Association of human papillomavirus, Neisseria gonorrhoeae and Chlamydia trachomatis co-infections on the risk of high-grade squamous intraepithelial cervical lesion

André L.P. de Abreu, Natália Malaguti, Raquel P. Souza, Nelson S. Uchimura, Érika C. Ferreira, Monalisa W. Pereira, Maria D.B. Carvalho, Sandra M. Pelloso, Marcelo G. Bonini, Fabrícia Gimenes, Marcia E.L. Consolaro*

*Corresponding author for this work

Research output: Contribution to journalArticlepeer-review

28 Scopus citations

Abstract

The link between high-risk human Papillomavirus (HR-HPV) and other sexually transmitted diseases (STDs) in the risk of developing cervical cancer still unclear. Thus, in this report we investigated the rates of co-infections between HPV and other important non-HPV STDs in different cervical findings using a multiplex polymerase chain reaction (M-PCR) to simultaneously detect Chlamydia trachomatis, Neisseria gonorrhoeae, Mycoplasma genitalium, Trichomonas vaginalis, HSV-1 and -2, and Treponema pallidum. A total of 838 women aged 18 to 68 years were screened using Papanicolaou smears for cervical abnormalities, HPV and non-HPV STDs using PCR and M-PCR methods. A total of 614 (73.3%) of the women had normal cytology (NILM) and 224 (26.7%) women exhibited abnormal cytology (≥ ASC-US). HPV-DNA prevalence was 33.9%, and HPV-16 was the most prevalent genotype in women with NILM and ≥ ASC-US cytology. Non-HPV STDs were detected in 30.4% women and T. vaginalis was the most prevalent one (11.6%). A higher increased risk of ≥ ASC-US and HSIL occurred in co-infections of HR-HPV with C. trachomatis and N. gonorrhoeae. Co-infections of HPV-DNA and HR-HPV with HSV-2 exhibited a similar increased risk but only with ≥ ASC-US. Co-infections of HPV-DNA and HR-HPV with T. vaginalis demonstrated a similar increased risk of ≥ ASC-US and HSIL. We found that C. trachomatis and N. gonorrhoeae were the primary pathogens associated with HR-HPV for the increased risk for all grades of cervical abnormalities but mainly for HSIL, suggesting a possible synergistic action in cervical lesions progression. Our results reinforce the hypothesis that some non-HPV STDs might play a role as co-factors in HPV-mediated cervical carcinogenesis. These data improve our understanding of the etiology of SCC and may also be useful for disease prevention.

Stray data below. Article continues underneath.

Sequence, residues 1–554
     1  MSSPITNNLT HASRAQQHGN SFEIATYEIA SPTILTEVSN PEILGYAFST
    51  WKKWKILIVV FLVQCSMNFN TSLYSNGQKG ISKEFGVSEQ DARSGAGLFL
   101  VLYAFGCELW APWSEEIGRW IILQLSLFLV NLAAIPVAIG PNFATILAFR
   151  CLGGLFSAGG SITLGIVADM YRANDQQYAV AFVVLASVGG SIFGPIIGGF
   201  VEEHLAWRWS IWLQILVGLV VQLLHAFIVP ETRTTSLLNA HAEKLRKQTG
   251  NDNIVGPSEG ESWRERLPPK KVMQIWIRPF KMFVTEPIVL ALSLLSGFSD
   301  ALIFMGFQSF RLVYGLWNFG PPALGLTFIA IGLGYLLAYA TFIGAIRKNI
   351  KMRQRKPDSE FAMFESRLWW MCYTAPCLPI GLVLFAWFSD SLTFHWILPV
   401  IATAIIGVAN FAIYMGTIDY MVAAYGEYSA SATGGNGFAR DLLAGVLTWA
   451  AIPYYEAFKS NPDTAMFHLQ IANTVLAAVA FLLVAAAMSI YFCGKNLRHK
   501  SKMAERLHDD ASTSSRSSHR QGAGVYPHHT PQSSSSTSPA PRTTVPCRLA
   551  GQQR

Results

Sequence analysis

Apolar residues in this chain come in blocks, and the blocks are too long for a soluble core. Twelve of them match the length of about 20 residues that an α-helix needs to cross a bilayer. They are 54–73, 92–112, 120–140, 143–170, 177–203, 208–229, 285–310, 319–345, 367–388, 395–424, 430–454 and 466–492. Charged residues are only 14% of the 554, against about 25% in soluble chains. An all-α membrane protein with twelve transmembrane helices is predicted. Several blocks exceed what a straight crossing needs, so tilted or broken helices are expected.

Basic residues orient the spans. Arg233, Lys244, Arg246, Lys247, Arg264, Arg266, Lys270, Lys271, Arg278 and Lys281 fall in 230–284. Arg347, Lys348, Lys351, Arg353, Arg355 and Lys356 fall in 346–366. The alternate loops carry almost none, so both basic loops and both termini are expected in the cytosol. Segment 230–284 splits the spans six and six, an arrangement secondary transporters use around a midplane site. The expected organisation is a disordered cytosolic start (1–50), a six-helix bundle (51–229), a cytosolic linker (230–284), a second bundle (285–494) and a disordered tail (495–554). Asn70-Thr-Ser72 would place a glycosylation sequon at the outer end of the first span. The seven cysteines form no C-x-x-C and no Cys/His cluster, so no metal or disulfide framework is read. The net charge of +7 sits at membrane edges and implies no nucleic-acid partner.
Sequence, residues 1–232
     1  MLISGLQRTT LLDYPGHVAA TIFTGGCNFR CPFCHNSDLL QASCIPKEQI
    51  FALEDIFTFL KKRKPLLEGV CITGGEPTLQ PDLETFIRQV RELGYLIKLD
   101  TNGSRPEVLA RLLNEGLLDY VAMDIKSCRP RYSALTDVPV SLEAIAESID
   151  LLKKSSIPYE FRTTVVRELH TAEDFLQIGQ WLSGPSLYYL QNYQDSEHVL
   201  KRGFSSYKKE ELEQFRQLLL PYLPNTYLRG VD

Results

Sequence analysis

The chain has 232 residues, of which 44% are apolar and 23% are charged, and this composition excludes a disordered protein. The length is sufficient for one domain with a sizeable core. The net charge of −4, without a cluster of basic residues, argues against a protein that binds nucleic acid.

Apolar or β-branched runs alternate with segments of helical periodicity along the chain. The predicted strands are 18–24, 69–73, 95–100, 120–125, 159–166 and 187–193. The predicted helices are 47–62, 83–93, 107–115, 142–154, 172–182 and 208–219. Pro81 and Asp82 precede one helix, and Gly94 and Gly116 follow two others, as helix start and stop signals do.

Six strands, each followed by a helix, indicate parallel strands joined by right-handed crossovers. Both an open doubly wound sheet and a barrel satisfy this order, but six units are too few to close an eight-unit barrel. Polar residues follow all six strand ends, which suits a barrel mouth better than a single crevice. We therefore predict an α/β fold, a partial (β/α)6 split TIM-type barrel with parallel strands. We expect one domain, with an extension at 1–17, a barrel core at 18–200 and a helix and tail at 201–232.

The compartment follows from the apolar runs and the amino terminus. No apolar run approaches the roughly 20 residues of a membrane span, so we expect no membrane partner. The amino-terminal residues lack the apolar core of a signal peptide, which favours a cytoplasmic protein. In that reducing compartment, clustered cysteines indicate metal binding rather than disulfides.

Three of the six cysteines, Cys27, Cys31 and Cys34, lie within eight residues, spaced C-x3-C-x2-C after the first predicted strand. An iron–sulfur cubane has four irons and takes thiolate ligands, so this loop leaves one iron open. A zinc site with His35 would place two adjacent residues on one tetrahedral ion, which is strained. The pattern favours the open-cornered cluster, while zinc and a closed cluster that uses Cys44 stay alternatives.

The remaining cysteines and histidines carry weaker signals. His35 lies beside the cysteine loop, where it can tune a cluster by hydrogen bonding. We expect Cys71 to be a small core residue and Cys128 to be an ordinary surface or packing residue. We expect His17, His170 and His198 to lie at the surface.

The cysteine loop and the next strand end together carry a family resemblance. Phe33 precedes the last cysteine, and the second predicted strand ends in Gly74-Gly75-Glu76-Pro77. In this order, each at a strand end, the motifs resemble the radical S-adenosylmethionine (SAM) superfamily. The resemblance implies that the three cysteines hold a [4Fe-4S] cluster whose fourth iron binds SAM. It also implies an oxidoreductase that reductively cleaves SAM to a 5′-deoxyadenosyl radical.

Original languageEnglish (US)
Pages (from-to)1371-1383
Number of pages13
JournalAmerican Journal of Cancer Research
Volume6
Issue number6
StatePublished - Jan 1 2016
Externally publishedYes

Keywords

  • Cervical cancer
  • Co-factors
  • HPV
  • HSIL
  • Progression risk
  • Sexually transmitted diseases

ASJC Scopus subject areas

  • Oncology
  • Cancer Research

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